85. Swami Ramdas. Part Four
Ram’s protection. Here are two incidents (out of dozens) of the protection afforded to Ramdas by Ram. He was staying in a small deserted temple in a Jungle for one and a half months. He would spend whole night, sitting or resting on a mat, singing Ram-bhajans or meditating. There were a number of wild creatures in the jungle surrounding the open door of the temple: 20 to 30 wild pigs, and long black serpents. He would freely walk through the so called ferocious pigs at night, none molested him. In the morning when he would shake the mat of his seat, there would be a number of scorpions beneath
Once Ramdas climbed to the top of a hill. He was standing on the brow of a huge precipice; the bottom of the hill was several hundred feet. Walking over this vertical cliff was an act of madness, but it attracted Ramdas. He was walking with both hands holding dry grass. Suddenly the dried grass in his left hand came off and his left foot slipped. Now he was dangling, by the side of the precipice. But he was unruffled, repeating the name of Ram. With great effort he pulled himself up, by Ram’s help. That night his mind kept on going over that incident, again and again, and the miraculous power of Ram’s protection.
Miraculous events. There are many strange incidents narrated in his trilogy of books. He could heal patients by laying his hands on them and praying to Ram for their recovery. Many would recover, but in one incident the recovery was temporary. One time people saw him, from a distance, on a hill with two devotees and a little later in a nearby village. Once a woman saw the vision of a monk seated at the bedside of his deathly sick husband. The husband (a friend of Ramdas ) recovered. The woman, who had never seen Ramdas, gave a clear description of Ramdas, and instantly recognized him as the same monk who was sitting by her husband’s bedside that night.
Ramdas himself said on his world tour, in response to a question, that he has often seen that a very depressed person, becomes peaceful after he spends some time in his company.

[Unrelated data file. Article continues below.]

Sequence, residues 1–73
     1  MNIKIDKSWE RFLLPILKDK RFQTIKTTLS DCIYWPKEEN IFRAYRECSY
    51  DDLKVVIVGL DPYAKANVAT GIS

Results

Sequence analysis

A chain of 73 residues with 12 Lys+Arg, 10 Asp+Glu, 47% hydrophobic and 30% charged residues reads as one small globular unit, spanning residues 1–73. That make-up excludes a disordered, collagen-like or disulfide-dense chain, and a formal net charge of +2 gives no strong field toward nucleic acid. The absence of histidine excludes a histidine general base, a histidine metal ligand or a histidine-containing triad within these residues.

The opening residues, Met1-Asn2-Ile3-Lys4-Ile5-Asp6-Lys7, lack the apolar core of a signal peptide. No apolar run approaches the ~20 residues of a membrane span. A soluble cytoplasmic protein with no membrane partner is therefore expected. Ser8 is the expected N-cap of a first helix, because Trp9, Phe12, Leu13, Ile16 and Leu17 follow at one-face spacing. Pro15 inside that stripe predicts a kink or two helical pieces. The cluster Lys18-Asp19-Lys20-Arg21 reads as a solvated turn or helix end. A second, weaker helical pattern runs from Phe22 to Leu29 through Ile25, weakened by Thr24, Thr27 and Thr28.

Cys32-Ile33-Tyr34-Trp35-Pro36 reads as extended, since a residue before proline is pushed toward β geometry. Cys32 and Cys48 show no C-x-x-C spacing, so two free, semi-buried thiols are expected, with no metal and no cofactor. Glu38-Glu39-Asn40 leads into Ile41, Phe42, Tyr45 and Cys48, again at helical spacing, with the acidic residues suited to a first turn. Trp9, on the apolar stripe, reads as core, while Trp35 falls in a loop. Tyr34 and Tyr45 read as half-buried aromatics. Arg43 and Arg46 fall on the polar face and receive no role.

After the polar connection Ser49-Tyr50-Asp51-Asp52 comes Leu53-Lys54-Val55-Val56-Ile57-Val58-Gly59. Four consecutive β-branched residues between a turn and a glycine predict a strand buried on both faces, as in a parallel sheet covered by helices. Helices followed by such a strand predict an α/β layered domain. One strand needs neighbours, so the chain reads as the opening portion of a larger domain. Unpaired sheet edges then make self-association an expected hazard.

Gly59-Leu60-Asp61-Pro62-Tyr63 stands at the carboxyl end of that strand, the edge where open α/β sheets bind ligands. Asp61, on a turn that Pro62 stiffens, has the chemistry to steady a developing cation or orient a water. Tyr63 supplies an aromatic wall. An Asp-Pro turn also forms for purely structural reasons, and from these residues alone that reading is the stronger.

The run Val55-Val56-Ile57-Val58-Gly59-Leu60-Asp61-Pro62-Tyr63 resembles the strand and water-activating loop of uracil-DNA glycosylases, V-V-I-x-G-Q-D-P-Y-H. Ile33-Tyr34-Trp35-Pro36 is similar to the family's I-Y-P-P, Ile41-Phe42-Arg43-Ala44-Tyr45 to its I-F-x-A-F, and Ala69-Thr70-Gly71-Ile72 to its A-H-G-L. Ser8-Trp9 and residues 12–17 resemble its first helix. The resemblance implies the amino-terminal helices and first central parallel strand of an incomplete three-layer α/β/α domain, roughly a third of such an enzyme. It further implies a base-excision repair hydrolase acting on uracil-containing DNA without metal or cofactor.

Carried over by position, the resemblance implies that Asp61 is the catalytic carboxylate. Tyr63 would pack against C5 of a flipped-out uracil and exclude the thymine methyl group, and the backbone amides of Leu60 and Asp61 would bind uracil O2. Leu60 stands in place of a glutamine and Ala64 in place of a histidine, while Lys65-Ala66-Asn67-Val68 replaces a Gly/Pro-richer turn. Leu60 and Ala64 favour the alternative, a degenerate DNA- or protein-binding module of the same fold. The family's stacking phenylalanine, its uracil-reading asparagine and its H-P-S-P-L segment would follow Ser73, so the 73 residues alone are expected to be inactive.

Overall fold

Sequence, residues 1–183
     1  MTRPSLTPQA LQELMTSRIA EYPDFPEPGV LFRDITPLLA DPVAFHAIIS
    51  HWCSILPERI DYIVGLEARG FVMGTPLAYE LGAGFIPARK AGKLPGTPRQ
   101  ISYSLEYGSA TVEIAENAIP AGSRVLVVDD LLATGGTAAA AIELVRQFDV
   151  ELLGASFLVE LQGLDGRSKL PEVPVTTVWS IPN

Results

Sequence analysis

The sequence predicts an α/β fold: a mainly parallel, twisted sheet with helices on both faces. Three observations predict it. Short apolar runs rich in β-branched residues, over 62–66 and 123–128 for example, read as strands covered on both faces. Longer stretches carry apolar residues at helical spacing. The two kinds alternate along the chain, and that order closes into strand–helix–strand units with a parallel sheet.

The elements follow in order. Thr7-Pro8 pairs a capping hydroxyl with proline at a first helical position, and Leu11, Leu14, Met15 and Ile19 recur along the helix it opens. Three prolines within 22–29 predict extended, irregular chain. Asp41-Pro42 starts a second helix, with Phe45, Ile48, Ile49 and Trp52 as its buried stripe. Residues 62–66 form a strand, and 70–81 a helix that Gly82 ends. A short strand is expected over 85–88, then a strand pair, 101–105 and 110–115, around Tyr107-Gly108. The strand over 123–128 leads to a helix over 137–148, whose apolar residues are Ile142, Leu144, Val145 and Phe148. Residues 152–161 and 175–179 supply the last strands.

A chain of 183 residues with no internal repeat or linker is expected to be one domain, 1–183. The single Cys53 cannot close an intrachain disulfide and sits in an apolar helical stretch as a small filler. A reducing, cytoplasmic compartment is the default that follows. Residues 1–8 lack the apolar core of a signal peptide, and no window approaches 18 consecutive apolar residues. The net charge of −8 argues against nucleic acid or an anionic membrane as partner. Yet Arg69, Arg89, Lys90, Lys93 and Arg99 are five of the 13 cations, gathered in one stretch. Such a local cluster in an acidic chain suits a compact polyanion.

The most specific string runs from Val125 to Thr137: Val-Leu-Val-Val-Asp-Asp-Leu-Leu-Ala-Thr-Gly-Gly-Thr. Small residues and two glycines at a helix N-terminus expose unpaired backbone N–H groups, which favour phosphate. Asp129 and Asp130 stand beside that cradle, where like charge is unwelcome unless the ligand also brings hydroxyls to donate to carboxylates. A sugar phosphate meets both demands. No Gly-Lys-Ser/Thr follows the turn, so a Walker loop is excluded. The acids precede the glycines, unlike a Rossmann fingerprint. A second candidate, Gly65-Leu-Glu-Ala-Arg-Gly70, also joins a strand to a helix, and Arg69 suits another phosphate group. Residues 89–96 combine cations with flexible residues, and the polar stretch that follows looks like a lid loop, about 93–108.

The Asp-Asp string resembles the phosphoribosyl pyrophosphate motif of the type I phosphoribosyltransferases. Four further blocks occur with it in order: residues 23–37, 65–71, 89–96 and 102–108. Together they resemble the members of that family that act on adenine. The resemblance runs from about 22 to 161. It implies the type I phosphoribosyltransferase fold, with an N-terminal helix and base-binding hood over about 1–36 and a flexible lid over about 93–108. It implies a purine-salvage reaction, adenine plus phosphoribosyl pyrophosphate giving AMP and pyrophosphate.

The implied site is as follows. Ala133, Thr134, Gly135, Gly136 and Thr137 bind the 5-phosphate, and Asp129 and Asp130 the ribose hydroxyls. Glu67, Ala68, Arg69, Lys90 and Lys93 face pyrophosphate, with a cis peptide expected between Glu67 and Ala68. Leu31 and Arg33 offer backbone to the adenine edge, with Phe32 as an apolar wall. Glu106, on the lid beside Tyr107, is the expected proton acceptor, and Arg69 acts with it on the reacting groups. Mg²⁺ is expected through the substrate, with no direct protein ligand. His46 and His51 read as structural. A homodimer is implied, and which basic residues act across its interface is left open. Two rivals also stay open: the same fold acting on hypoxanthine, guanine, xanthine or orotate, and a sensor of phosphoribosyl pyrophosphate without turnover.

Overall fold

I have omitted dozens of fascinating events, but I cannot ignore the following incident. It touched me at the core:
In a village, Ram ordered him to go door to door for foodstuff. Ramdas had stopped doing this type of begging for some time, because he did not cook. If somebody would gave him food, he would eat, otherwise stay hungry. But this was Ram’s command. After 2-3 hours of begging he got some wheat flour, dal (lentil ) and one anna ( 16 annas make one rupee ). A merchant standing on a balcony called him and said, that if he wanted food, he could come at 12 o’clock and have food served to him. Ramdas accepted. It was about 10 am. He was sitting on a verandah of a house, waiting, when he saw an old man begging for alms in hot sun. He called him and gave the proceeds of his begging. The man fell on the feet of Ramdas, and said:
“At last God has shown Himself to me. I have been praying for years to see God. Is this a dream? I have been begging whole day and got only half an anna. I have a sickly wife and two children. They were going to starve”
Vision of Jesus. Ramdas was in a cave in Himalayas. He had been fasting (except water) for 5 days, thinking incessantly of God. There was no light in the cave. Suddenly, one night, the cave was filled with a strange light. Ramdas opened his eyes, and found a shining person sitting before him. Something in him at once told him that this was the great prophet Jesus Christ. He was dressed in a long chocolate colored robe. Locks of hair were falling on his shoulders. His face showed utmost sweetness and serenity, glowing with divine radiance. Most prominent were his eyes which glowed like stars. Ramdas was transfixed and went into ecstasies. There was another man with Him. Christ spoke a few words, but Ramdas could not understand him. This vision lasted for maybe few seconds. Ramdas was lost in ecstasy for the whole night
Vision of Krishna/Ram/God. After his blessing from Maharshi Ramana, he returned to his cave. Suddenly he witnessed Ram, as Lord Krishna, dancing and dancing on His flute. Ramdas was seeing him with open eyes. But Ramdas was not satisfied. He knew the vision would soon end and he will revert to darkness. So he begged “Lord it is all very well but it won’t do”. He begged for the ‘great vision’ the ‘vision of visions’, which stays forever, never leaving.
And it came one morning apocalyptically: the entire landscape changed. All was Ram, nothing but Ram, wherever Ramdas looked! The trees, the shrubs, the ants, the cows, the cats, the dogs, the inanimate things. Ramdas danced with joy, like a boy who has been given a lovely present. He embraced a tree because it was Ram. He caught a man (I have written earlier) who became scared.
The bliss and joy became permanent, like a torrent of water rushing downhill and changing in a level stream.
A comment. Ramdas is a sweet saint, a humble saint, a lovable saint. He is a not a mighty saint like St. Augustine. He has given the most candid and detailed account of his struggles, his methods, and his conclusions, much more than any other modern saint. He wrote many books and started an ashram which is still working.
He did not achieve God-realization by secret yoga techniques, not by concentrating on spiritual eye, not by breathing exercises (pranayama), not by following a guide (guru), not by adherence to the tenets of any religion. Then how did he get it?
In this humble mote’s opinion, it is by complete surrender to God. This is the last step one must take to achieve God-realization. The closest phrase in Islamic mysticism which describes it is called Twakkal.